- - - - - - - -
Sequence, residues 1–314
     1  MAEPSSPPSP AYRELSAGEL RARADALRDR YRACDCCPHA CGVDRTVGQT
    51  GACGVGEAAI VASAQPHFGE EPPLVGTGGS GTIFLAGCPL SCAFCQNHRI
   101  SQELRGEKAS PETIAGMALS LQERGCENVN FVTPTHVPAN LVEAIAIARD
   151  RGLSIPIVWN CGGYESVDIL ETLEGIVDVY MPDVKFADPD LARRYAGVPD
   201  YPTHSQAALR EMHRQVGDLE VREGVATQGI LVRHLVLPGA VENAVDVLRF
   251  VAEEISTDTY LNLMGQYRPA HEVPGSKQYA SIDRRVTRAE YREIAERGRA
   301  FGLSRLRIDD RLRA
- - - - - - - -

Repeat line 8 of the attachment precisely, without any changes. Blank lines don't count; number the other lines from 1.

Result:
   301  FGLSRLRIDD RLRA